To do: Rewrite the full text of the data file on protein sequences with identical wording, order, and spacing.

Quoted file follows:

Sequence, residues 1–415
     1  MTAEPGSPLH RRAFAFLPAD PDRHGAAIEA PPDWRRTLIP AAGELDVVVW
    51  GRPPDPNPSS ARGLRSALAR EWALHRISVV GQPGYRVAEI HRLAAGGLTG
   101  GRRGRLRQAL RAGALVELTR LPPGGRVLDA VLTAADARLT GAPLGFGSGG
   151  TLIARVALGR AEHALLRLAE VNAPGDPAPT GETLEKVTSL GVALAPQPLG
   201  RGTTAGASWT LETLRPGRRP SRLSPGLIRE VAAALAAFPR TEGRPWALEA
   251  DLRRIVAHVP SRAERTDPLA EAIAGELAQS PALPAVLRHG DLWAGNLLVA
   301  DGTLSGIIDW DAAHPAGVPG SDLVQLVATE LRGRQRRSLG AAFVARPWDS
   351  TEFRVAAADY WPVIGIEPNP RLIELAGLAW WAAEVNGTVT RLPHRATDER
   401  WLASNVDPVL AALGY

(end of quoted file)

Sequence, residues 1–415
     1  MTAEPGSPLH RRAFAFLPAD PDRHGAAIEA PPDWRRTLIP AAGELDVVVW
    51  GRPPDPNPSS ARGLRSALAR EWALHRISVV GQPGYRVAEI HRLAAGGLTG
   101  GRRGRLRQAL RAGALVELTR LPPGGRVLDA VLTAADARLT GAPLGFGSGG
   151  TLIARVALGR AEHALLRLAE VNAPGDPAPT GETLEKVTSL GVALAPQPLG
   201  RGTTAGASWT LETLRPGRRP SRLSPGLIRE VAAALAAFPR TEGRPWALEA
   251  DLRRIVAHVP SRAERTDPLA EAIAGELAQS PALPAVLRHG DLWAGNLLVA
   301  DGTLSGIIDW DAAHPAGVPG SDLVQLVATE LRGRQRRSLG AAFVARPWDS
   351  TEFRVAAADY WPVIGIEPNP RLIELAGLAW WAAEVNGTVT RLPHRATDER
   401  WLASNVDPVL AALGY